Alderville First Nation Commemoration Project: Manidoo Ogitigan

I wrote the following back in the winter for that other paper…. The Kingston Local, now I am going to cover the project’s unveiling. It is really exciting!

Kingston’s largest public art installation set for unveiling in June

“Manidoo Ogitigan” installed at Lake Ontario Park as Alderville First Nation Commemoration Project

Almost eight years ago, representatives from the Alderville First Nation sat down with Kingston city staff to establish an effective way to commemorate Nation’s ties to the Kingston region.

Since 1837, the Mississauga Anishinabeg of the Ojibway Nation have called Alderville First Nation home.  However, before that the Mississauga people lived on their traditional lands around the Bay of Quinte and St. Lawrence River, including the land where the city of Kingston now stands.

After having lost the American colonies in the American Revolutionary War, the British began to move soldiers and civilians who had remained loyal to the King (The United Empire Loyalists) to these traditional lands.  As the population grew, a “land surrender”  was negotiated and Mississaugas moved from Kingston to their current 1,450 hectare site near Rice Lake, north of Cobourg.

Danika Lochhead, Manager of Arts and Sector Development for the City of Kingston explains, “Then Chief of the Alderville First Nation, James Marsden, approached the city with a request to form some sort of partnership in the development of an appropriate vehicle that would commemorate the story of the Mississaugua Nation in Kingston.”  

“There was discussion about a plaque and it was determined that it wasn’t the right vehicle for this kind of a commemoration and for what Alderville wanted to explore,” says Lochhead.  Public art [on the other hand] has the ability to respond to ideas and connect with people and so this was the way they chose to go.”

Thus began a two stage process laid out in the city’s Public Art Policy. There was an open call process, which went out internationally.    An all indigenous jury, including three members of Alderville First Nation, and three indigenous artists, whittled down the entries to three shortlisted artists.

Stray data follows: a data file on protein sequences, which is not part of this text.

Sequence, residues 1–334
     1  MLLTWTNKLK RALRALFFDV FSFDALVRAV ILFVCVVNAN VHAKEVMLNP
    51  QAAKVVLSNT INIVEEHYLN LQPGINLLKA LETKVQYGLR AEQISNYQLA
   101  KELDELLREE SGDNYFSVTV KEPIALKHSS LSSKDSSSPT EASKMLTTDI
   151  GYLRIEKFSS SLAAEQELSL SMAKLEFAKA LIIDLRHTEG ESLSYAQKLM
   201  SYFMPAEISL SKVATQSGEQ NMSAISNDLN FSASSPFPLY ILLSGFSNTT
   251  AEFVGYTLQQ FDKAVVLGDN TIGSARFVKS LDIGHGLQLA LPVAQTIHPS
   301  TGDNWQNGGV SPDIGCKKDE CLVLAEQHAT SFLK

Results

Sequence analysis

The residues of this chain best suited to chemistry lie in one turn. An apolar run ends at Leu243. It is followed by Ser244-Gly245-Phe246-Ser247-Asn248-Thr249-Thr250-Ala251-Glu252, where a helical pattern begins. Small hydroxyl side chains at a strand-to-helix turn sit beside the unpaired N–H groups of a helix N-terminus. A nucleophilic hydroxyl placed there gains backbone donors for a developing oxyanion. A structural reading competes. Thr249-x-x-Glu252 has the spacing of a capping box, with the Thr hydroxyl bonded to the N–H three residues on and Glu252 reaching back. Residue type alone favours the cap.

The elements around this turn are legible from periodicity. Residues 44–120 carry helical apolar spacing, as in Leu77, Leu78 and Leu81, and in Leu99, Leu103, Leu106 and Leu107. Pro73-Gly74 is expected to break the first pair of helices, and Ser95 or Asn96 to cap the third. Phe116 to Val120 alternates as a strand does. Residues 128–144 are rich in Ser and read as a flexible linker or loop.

These were asked to submit a proposal and visit Alderville First Nation to present them to the community.  “This was an important part of the process, for the artists to get that feedback to integrate into their proposals,” explains Lochhead.

2020 Project progress Fall

After deliberations by the jury, “Manidoo Ogitigan” (“Spirit Garden”) by Terence Radford was selected as the winning proposal to be installed at Lake Ontario Park as the Alderville First Nation Commemoration Project.

Lochhead states proudly,“This is our biggest public art projection in Kingston so far, it’s a remarkable landscape installation created by Terrance Radford.  Terrence’s proposal was very unique in that it involved a landscape installation, not just a sculpture, though it does have sculptural components.” 

Terrance Radford is a practicing contemporary artist working in multiple media. He is also a registered Landscape Architect and runs Trophic Design, a landscape and architectural practice in Cobourg, Ontario. 

Radford’s study in Cultural Landscape Theory and Indigenous Art History  are informed by his Cree heritage and membership with the Metis Nation of British Columbia, as well as his work with the BC Association of Aboriginal Friendship Centres, 

“Manidoo Ogitigan” presents the history of select Wampum Belts, the symbolism of the medicine wheel and a selection of culturally significant food and medicinal plants in a formal layout based on the Alderville Methodist Church. The installation is to function as a symbolic reclamation and physical restoration of the land.  It explores how colonization and attempts at cultural assimilation influenced and impacted the living culture of Alderville First Nation.

“People can come and appreciate and learn through this commemoration,” says Locchead.  “But through the conversations with the artist and Alderville First Nation it has been acknowledged that this will actually act as a site and a space for future gathering and as a catalyst for teaching. There are so many elements to this project that are really exciting.”

Current Chief Dave Mowat sat on the jury and was an integral part in the selection of the work.  “He also facilitated a ground blessing event involving representatives from both the city and Alderville First Nation before the groundbreaking and installation,” says Lochhead.

The construction has been completed this past fall and in the spring it will be planted with the various culturally significant vegetation planned.  Lochhead says in June a public unveiling is being arranged, “Talks are ongoing with Alderville and the artist how they would like this to come forward and we are also recognizing how to as a city engage the local indigenous community in this project launch.”

For more information about the installation visit: